World Snake Day Celebrated July 16

Juvenile gopher snake after being released from a glue trap by using olive oil to dissolve the glue  Courtesy photo

Los Alamos

World Snake Day is celebrated every year on July 16 to raise awareness about the different types of snake species and the important role they play in maintaining ecological balance. Perhaps you missed the articles last year that stated “One-fifth of all snakes, turtles, and other reptiles face extinction. More than a fifth of all reptilian species — over 1,800 — are threatened with extinction, and 31 species have permanently vanished already, according to a new study in the journal Nature.”

Or perhaps when you read that New Mexico’s health officials stated there have now been 6 hantavirus cases so far this year (an above-average count) and two of the cases have led to death, that it didn’t concern you. Snakes in the ecosystem equal a healthy environment for all creatures including humans.

In Los Alamos County, the three most common species of nonvenomous snakes are the garter snake, Western Coachwhip and the gopher snake.  Please know that these snakes are harmless to humans and they are your allies. They help to keep down the rodent population which in turn will protect humans from the Plague and the hantavirus. We do have two species of rattlesnakes, Western diamond back and prairie rattlesnake. Just be aware of your surroundings and enjoy the sight from a safe distance.  Please learn about the different species of snakes in Los Alamos County. 

Most nonvenomous snake species in one way or another will mimic a rattlesnake. Many will flatten their heads to appear triangular in shape resembling a rattlesnake; they will hiss and vibrate their tail to sound like a rattlesnake’s rattle. Snakes are really very shy creatures and just want to be left alone to do what they do best. 

There is so much misinformation about snakes. Snakes will not chase you; you are probably in their way to where they were going. Snakes are not aggressive but they can be defensive. To a snake, you are a giant creature that may or may not want to harm them. They are more afraid of you than you should ever be of them. Snakes protect us from the hantavirus and the plague that rodents can carry and ticks that carry Lyme disease. Snake venoms are serving as templates for some of the top medicines used in high blood pressure, heart failure, pain relief and heart attack. Treatments for other neurological conditions are in the works and further drugs are also in development for stoke and cardiovascular disease as well as conditions such as prostate cancer, breast cancer, HIV and multiple sclerosis. Snakes are helping humans and it is our turn to help snakes. Many states in the US are now protecting their snake species and in many states it is illegal to kill certain species that are considered endangered. Even in New Mexico some species are protected.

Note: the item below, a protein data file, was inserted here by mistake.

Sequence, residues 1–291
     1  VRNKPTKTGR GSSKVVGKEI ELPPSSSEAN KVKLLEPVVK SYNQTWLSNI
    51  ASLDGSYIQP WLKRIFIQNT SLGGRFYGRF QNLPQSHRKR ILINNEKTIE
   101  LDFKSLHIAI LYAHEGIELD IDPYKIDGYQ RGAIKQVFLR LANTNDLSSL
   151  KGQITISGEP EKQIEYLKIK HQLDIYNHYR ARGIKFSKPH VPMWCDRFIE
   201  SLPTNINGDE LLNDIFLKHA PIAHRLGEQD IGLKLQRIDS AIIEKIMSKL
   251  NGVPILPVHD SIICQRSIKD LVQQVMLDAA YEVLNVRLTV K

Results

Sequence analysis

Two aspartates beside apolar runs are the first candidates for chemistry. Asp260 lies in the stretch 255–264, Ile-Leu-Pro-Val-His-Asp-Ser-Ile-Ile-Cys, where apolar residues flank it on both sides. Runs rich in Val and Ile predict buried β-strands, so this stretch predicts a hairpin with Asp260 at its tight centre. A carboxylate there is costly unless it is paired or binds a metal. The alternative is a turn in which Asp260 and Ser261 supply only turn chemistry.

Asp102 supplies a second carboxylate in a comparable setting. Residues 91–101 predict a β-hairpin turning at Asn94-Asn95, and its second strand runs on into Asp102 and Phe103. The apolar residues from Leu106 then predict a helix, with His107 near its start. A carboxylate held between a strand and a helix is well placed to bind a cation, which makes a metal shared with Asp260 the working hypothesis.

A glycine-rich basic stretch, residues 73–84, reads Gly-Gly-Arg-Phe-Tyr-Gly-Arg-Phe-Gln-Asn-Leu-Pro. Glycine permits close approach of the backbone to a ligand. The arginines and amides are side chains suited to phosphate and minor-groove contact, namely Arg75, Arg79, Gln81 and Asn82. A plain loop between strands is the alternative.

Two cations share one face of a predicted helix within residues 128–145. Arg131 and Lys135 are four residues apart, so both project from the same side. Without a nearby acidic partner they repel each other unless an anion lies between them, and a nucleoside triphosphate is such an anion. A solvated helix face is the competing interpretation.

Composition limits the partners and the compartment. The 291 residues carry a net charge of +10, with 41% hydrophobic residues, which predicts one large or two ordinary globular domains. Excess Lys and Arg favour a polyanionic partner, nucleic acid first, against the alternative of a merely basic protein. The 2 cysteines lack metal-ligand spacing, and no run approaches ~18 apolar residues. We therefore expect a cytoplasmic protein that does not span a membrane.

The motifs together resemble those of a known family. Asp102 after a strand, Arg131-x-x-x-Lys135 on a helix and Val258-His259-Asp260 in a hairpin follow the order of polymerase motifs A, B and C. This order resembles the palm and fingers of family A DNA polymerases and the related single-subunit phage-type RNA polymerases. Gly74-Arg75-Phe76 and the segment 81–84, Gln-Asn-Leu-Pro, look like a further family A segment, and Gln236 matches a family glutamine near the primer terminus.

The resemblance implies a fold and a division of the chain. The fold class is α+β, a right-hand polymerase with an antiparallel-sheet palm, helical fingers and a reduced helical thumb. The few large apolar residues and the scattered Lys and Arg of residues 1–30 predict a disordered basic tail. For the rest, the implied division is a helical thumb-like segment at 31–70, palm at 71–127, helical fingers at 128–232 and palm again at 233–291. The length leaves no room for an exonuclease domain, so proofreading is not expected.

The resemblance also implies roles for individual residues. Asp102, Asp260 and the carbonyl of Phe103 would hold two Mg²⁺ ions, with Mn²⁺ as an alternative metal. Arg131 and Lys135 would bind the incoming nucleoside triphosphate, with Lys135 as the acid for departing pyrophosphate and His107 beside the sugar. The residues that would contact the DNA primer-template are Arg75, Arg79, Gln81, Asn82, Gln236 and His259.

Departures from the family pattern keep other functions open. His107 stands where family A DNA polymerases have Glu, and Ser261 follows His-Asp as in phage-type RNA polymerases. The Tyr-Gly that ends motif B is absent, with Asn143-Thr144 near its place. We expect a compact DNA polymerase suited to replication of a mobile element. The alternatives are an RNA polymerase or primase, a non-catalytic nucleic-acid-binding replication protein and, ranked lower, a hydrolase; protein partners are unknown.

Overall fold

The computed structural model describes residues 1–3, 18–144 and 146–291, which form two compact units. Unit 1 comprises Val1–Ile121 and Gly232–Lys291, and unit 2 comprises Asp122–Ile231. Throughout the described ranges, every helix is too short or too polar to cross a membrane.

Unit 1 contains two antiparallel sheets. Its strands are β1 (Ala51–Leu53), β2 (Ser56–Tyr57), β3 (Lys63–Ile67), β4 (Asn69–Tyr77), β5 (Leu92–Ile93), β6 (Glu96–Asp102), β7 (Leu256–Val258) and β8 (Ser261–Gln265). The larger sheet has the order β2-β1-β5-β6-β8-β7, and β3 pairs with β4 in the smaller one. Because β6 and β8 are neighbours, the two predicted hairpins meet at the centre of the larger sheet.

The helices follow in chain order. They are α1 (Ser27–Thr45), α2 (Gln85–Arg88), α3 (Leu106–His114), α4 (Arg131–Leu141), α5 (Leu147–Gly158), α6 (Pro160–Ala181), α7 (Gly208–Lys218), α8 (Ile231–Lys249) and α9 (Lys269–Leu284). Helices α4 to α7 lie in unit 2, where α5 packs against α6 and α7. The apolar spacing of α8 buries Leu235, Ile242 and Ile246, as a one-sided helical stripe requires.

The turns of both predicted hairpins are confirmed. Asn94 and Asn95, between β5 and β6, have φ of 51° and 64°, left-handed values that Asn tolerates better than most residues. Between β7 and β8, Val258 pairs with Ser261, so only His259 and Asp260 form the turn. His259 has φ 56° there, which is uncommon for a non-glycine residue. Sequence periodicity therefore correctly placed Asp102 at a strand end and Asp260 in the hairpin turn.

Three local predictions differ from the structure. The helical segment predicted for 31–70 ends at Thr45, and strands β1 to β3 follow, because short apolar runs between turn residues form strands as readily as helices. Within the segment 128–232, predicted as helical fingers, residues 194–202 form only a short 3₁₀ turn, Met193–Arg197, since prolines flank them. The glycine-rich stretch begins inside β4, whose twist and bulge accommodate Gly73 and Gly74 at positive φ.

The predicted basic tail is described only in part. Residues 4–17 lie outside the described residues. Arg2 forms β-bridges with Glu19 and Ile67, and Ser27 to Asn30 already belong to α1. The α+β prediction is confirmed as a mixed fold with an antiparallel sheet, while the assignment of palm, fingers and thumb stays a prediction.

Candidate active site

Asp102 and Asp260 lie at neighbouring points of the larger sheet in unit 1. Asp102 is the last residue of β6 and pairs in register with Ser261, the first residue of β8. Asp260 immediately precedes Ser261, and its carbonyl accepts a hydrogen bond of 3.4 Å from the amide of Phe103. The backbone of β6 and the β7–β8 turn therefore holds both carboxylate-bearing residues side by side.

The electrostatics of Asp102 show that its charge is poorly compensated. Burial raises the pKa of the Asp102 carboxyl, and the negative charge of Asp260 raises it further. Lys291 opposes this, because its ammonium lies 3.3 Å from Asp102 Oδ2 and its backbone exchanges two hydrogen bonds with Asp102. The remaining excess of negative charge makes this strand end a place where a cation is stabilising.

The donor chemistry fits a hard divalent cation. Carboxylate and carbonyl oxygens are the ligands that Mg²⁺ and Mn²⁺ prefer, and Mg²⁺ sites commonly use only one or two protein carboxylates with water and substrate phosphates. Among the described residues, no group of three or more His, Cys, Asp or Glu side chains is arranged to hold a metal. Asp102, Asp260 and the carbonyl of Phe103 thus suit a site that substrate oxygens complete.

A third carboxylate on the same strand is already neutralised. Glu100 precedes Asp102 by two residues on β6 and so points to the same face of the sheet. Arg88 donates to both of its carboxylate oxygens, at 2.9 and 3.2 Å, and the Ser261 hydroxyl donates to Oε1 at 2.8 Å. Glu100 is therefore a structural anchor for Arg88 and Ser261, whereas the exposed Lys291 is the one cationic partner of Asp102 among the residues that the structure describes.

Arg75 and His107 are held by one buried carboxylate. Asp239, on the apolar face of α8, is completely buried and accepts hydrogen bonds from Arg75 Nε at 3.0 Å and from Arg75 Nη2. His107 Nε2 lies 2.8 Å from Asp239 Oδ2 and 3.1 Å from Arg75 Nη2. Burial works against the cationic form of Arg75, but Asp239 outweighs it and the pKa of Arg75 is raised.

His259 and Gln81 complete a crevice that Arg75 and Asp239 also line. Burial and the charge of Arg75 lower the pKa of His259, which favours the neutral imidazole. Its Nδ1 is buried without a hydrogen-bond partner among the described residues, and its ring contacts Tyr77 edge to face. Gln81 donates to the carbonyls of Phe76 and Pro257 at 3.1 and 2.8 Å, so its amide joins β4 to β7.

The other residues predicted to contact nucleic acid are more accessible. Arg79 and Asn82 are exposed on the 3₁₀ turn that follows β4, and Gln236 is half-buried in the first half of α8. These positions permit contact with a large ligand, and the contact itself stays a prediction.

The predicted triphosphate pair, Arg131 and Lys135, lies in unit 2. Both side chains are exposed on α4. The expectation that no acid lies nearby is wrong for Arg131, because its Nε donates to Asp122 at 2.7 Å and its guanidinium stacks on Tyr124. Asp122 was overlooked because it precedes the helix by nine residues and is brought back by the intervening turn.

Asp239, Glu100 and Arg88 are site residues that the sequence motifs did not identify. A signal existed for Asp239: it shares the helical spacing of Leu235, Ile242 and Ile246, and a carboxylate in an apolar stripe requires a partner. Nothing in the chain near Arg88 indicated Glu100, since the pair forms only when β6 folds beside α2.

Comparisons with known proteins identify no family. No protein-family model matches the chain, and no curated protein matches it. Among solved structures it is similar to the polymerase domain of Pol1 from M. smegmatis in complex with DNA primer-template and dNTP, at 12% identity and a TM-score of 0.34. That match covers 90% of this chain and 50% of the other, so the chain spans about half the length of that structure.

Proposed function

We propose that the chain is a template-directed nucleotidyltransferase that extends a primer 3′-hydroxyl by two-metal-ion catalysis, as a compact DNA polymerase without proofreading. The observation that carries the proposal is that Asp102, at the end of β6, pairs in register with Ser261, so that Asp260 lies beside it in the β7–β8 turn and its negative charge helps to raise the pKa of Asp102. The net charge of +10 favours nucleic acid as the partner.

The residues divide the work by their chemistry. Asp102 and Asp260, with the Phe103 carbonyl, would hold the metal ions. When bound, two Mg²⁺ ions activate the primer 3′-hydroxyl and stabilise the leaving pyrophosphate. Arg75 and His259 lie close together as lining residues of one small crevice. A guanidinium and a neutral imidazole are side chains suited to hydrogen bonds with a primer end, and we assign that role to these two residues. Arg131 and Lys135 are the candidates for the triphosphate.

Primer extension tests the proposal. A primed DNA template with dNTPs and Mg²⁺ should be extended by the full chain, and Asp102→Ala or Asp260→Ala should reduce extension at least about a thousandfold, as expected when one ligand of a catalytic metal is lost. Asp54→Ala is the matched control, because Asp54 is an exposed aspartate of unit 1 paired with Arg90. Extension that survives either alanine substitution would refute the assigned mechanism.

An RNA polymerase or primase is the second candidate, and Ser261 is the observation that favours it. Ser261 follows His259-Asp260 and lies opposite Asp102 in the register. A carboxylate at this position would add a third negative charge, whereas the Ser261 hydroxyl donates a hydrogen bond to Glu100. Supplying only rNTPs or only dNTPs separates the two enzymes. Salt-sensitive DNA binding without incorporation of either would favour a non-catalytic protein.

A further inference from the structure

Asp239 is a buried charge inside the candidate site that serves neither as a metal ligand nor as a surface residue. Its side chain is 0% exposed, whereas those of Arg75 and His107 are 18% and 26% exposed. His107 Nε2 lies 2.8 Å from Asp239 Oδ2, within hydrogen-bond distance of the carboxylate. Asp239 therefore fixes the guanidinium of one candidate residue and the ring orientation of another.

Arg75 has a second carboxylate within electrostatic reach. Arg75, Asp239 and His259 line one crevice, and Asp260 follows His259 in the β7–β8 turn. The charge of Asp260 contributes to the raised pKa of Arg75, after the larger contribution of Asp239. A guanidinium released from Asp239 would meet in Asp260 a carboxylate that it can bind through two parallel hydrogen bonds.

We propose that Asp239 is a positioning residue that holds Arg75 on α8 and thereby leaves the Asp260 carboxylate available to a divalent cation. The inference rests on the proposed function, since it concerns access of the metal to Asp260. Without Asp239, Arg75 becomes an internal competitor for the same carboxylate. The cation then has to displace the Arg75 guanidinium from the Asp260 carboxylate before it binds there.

Please do not mishandle these wonderful creatures; holding a snake by it’s neck or by it’s tail without supporting the snake’s body can damage it’s spine. Snakes feel pain just like we humans do. Just leave them alone or have them relocated. If you feel you can not co-exist with that nonvenomous snake or have a rattlesnake on your property, please call the Los Alamos Police Dispatcher at the non-emergency number (505) 662-8222. They have a list of those who will relocate snakes.

Please appreciate the snakes we do have and respect that we share this earth with them. No one has said that you have to like snakes but you do not have to harm them. One can always use a stream of water from a hose (please run the water first if water is hot from sitting in the sun before aiming it at the snake) to direct the snake from where it is not wanted. 

Snakes are declining all over the world and because they are both predator and food for other creatures, snakes are essential players in nature’s ecosystem and the conservation of them is vital. Habitat loss, climate change, fungal disease in snakes, attitudes of humans, rattlesnake roundups, the use of chemicals and other harmful elements, dogs and especially cats are taking a toll on our snake population. There is much we can do to help snakes by not using chemicals, (some snakes eat insects) or poisons which gets in the food chain, bird netting or glue traps (both trap and can kill if not found quickly), by providing a safe haven in your yard for the nonvenomous, by educating residents and by keeping your pets under control. We seem to be in drought conditions and with this heat, water becomes so important to all living creatures. Snakes need water just like we humans do to survive. 

Please celebrate the beauty and diversity of snakes and respect the amazing abilities of these wonderful creatures who are so underrated for all the good they do. Snakes have been here for millions of years but their continued existence depends on us humans. Please do not let other’s hatred and misinformation destroy a creature that has just as much right as we do to exist on this Earth.  Thank you.